The lesson began with an excerpt from a 1972 address given by then, Elder Gordon B. Hinckley:
“Many years ago I worked in the head office of one of our railroads. One day I receivedWith this concept in mind, we discussed the doctrine in 1 Corinthians and then considered how a seemingly small change might have a significant effect on where we might find ourselves in relationships to doctrine. These "switch points" can be an event, decision, new knowledge, or any change that can shift the direction of our beliefs and life. Switch points can be negative if they lead us from the truth, or positive if they put us back on the right track.
a telephone call from my counterpart in Newark, New Jersey, who said that a passenger
train had arrived without its baggage car. The patrons were angry.
“We discovered that the train had been properly made up in Oakland, California, and
properly delivered to St. Louis, from which station it was to be carried to its destination
on the east coast. But in the St. Louis yards, a thoughtless switchman had moved a
piece of steel just three inches. That piece of steel was a switch point, and the car that
should have been in Newark, New Jersey, was in New Orleans, Louisiana, thirteen
hundred miles away”
As I pondered on "switch points" in my life, I could not help but to immediately consider the impact of September 11, 2001 on my life and on my relationship with God.
Prophet Thomas S. Monson submitted an Op-Ed piece to The Washington Times which was printed this week here. My memories of that time ten years ago are best described in the following excerpt from that piece:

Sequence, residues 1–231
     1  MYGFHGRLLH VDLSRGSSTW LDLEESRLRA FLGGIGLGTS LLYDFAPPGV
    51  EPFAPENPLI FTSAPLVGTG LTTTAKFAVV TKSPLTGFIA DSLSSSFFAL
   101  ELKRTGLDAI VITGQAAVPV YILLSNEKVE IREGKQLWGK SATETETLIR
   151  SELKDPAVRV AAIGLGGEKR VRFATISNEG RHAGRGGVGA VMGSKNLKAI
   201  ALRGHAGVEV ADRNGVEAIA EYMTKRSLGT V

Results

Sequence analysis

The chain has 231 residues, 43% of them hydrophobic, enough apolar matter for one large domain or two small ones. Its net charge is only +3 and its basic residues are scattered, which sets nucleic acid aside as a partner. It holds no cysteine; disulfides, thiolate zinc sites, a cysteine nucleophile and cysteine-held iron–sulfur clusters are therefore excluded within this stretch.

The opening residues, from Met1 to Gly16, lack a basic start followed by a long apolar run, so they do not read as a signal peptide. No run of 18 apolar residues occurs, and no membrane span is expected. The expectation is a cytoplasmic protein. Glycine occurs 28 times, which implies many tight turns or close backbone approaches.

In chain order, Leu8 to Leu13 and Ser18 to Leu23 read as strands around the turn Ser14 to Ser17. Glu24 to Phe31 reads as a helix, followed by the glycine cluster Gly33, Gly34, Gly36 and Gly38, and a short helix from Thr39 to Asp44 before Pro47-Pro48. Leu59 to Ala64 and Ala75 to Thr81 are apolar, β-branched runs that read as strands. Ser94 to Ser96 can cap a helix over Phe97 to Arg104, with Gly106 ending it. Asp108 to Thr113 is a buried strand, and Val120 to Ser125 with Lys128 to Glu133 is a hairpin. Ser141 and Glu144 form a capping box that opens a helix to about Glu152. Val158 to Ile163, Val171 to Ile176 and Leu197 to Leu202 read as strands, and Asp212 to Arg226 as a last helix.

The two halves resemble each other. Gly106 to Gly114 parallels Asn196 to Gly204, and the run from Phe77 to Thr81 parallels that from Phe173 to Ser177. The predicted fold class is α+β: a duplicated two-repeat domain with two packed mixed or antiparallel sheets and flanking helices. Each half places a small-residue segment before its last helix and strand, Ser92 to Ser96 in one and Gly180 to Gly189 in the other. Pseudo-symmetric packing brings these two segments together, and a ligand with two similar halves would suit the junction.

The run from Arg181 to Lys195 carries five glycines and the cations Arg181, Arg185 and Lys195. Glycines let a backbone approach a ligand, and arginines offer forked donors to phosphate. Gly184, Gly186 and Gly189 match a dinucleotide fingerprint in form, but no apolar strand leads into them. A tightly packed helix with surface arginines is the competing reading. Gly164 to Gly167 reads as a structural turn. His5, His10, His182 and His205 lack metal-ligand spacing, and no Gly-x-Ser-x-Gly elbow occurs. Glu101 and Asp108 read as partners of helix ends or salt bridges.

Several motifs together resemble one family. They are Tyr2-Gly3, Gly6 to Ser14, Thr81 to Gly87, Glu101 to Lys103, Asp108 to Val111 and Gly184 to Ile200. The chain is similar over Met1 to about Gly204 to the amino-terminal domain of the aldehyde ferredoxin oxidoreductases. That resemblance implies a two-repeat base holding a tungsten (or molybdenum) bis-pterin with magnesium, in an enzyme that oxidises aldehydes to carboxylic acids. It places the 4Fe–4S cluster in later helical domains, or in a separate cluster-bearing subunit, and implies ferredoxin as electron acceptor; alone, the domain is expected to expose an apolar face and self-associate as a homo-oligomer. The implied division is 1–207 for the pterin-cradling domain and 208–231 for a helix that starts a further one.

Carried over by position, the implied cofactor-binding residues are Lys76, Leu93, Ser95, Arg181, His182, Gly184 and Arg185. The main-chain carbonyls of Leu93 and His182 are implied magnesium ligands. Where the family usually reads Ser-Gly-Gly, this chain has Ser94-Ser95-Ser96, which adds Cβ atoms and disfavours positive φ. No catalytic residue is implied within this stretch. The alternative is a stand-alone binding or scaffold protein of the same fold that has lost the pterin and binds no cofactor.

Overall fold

"There was, as many have noted, a remarkable surge of faith following the tragedy. People across the United States rediscovered the need for God and turned to Him for solace and understanding. Comfortable times were shattered. We felt the great unsteadiness of life and reached for the great steadiness of our Father in Heaven. And, as ever, we found it. Americans of all faiths came together in a remarkable way."
As I watched breathlessly to the news reports, I felt compelled to DO something. But I was in Utah so far from any place that could use my assistance. As a result I DID the only thing I could think of...I dropped to my knees in prayer over and over and over. Up until that point, my approach to prayer had been much less formal. I would tend to kneel for a groggy morning prayer, but most of my petitions were sent as I busily prepared for the day or later as I commuted in my car. I had never been a diligent kneeler. There was something about the act of humbly kneeling that brought some kind of satisfaction in those first hours and days. I felt like I was DOING something.
9/11 has been a "switch point" for me in regards to my approach to prayer. I find that the act of kneeling in prayer helps me to do so in a more humble and reverent manner. I am more inclined to be thoughtful and grateful, and less likely to be casual and demanding.
Because of the attacks on September 11, I eagerly and without apology, fall to my knees to appeal to God in both the good and the bad times. And because of the peace I was granted as I did so ten years ago, I have hope that the same peace will be granted to me even still.
The Healing Fields, Sandy UT, 9/11/11